Will Lina Khan’s FTC try to break up Amazon?
The Federal Trade Commission has called Amazon officials in for meetings next week.
Many believe it’s a sign that the agency is finalizing an antitrust lawsuit against the mega corporation.
Before she became President Biden’s pick to run the FTC, Lina Khan wrote a now-famous Yale Law Journal article making the case for tighter regulation for Amazon.
She compared it to an old school railroad monopoly — forcing merchants to “ride Amazon’s rails” even as they try to compete with the retail arm of the company.
Today, as FTC chair, Khan has been careful about how she talks about Amazon. In an interview with CBS’ earlier this month, she said, "In this role I’m really focused on enforcing the law based on the facts, and so we look at every company and every company’s practices on a case by case basis."
But Khan’s FTC has not been shy about taking on consolidation in the tech industry at large. That’s led to some high-profile court losses in recent months, in challenges to proposed acquisitions by Meta and Microsoft.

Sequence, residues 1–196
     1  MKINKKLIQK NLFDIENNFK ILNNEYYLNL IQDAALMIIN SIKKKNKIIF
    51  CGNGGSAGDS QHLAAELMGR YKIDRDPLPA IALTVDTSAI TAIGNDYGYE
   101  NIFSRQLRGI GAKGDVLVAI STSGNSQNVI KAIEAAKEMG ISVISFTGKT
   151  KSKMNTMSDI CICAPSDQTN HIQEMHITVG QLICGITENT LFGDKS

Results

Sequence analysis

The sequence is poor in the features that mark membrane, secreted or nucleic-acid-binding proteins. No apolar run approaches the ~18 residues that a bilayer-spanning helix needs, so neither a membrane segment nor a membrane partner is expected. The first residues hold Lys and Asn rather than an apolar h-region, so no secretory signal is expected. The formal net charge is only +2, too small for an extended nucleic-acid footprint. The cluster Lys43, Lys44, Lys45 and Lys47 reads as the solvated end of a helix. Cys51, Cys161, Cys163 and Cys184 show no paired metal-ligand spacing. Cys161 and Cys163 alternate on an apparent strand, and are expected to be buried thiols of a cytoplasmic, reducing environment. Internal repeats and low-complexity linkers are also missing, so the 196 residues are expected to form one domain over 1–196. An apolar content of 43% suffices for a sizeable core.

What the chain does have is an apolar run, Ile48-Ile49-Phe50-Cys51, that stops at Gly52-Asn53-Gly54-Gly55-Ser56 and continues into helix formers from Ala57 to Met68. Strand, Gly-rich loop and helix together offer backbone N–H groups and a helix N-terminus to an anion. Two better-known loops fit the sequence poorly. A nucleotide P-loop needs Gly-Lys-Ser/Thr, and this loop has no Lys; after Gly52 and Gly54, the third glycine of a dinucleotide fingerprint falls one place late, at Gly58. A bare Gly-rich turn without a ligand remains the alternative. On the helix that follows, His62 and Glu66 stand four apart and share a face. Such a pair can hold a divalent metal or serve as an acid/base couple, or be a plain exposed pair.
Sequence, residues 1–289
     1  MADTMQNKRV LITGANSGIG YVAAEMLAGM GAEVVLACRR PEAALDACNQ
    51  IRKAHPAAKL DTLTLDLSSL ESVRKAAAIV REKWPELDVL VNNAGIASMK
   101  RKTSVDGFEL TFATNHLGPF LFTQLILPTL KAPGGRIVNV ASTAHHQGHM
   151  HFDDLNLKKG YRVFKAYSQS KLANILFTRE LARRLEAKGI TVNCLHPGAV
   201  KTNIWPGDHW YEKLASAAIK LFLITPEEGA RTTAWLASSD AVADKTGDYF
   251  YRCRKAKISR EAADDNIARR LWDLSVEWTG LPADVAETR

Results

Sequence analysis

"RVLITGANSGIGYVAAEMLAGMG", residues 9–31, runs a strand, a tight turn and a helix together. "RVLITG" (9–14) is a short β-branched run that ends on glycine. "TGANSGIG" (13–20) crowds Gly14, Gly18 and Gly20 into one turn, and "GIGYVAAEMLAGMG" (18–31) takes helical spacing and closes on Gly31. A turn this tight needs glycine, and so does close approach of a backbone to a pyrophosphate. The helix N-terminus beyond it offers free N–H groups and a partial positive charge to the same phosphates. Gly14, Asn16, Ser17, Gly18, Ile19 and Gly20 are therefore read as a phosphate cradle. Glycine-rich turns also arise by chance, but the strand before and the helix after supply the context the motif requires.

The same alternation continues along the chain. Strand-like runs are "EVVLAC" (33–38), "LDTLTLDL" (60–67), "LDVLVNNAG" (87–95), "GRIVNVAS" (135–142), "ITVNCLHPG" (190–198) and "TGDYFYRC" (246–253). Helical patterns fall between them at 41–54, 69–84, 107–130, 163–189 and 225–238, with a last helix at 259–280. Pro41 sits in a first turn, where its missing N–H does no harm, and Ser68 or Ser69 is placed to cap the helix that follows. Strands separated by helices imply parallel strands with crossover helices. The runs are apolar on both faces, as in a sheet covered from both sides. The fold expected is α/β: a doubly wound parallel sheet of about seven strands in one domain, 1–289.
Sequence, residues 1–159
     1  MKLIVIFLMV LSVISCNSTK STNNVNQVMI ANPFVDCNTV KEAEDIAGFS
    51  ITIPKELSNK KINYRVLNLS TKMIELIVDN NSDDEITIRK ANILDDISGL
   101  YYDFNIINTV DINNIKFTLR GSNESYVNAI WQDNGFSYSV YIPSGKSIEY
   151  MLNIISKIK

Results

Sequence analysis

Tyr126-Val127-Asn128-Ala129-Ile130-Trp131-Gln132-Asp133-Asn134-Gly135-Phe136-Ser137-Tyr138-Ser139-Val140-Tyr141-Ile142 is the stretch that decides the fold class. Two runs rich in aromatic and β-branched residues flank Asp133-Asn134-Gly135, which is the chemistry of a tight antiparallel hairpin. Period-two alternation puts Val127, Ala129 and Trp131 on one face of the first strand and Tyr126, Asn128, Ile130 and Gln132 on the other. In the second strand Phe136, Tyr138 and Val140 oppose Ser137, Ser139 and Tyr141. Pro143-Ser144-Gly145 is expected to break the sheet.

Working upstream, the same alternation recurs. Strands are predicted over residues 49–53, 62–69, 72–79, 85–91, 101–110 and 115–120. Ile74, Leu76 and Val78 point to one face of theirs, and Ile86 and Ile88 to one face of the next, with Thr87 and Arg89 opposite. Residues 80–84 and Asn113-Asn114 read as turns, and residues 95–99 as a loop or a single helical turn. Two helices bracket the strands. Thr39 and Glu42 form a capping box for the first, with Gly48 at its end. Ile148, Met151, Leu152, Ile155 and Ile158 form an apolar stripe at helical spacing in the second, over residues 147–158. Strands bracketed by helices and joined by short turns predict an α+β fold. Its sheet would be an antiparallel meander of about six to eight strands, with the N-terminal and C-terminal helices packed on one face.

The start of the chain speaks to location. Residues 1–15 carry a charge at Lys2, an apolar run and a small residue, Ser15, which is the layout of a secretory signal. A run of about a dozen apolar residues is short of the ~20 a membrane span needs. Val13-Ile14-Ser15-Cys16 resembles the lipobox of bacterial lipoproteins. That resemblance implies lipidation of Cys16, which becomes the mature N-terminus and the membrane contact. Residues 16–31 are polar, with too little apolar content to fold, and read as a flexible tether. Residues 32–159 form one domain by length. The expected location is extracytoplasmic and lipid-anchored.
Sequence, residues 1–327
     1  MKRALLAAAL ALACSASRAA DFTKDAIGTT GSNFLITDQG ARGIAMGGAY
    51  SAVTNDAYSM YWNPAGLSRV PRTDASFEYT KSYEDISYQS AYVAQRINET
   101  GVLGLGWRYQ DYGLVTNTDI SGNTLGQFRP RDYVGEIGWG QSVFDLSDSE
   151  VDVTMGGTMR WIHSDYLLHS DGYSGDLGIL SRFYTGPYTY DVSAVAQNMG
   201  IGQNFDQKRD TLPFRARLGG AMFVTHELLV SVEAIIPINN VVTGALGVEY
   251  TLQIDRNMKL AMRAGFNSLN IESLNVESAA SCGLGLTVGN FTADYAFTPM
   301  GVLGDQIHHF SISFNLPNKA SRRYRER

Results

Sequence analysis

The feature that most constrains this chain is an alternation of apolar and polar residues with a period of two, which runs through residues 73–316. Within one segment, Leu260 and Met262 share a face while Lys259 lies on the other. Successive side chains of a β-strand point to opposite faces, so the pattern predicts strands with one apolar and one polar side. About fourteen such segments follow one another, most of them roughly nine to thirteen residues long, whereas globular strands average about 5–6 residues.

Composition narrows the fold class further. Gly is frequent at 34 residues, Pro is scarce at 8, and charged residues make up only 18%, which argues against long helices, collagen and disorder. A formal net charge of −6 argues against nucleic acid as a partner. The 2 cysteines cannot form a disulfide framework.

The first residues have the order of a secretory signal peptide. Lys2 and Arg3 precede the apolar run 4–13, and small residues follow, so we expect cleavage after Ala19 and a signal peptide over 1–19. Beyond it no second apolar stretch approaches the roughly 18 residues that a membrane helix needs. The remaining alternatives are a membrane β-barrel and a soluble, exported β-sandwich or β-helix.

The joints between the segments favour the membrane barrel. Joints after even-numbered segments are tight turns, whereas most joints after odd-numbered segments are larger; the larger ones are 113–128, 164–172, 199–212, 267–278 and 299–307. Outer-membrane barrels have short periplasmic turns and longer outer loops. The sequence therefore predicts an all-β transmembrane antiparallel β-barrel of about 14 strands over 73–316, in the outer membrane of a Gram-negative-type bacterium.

But even as the FTC fails to stop these mergers in court, Khan’s supporters say her proactive anti-monopoly agenda is making waves in the tech world.
Jarrad Harford is the Chair of the Department of Finance and Business Economics at the University of Washington’s Foster School of Business, who sat down to discuss the direction that the FTC is heading with Soundside host Libby Denkmann.
Harford said Khan has made a couple of big changes to the FTC's status quo since leading the agency.
"One was just on how aggressive the FTC was going to be in general, in terms of challenging mergers and larger companies," he said. "And the other was that she hinted — and now has made it more clear through some of the release of some new draft guidelines — that she was moving away from the classic, consumer welfare standard in antitrust and taking a broader view of potential antitrust issues."
For decades prior, the FTC had taken the position that if a merger benefited consumers through better products, lower prices, or greater efficiency, it wouldn't attempt to block it, Harford explained. But Khan's leadership has called that convention into question.
"She's trying to argue that either in the long run, this will allow for the new, larger firm to eventually harm consumers, or this will give them leverage in certain product markets, or against vendors, or certain suppliers or customers — that would be harmful as well," Harford said.
Additionally, Khan has raised concerns about whether such mergers will hurt workers due to a less competitive labor market.
You can listen to the entire conversation in the audio above.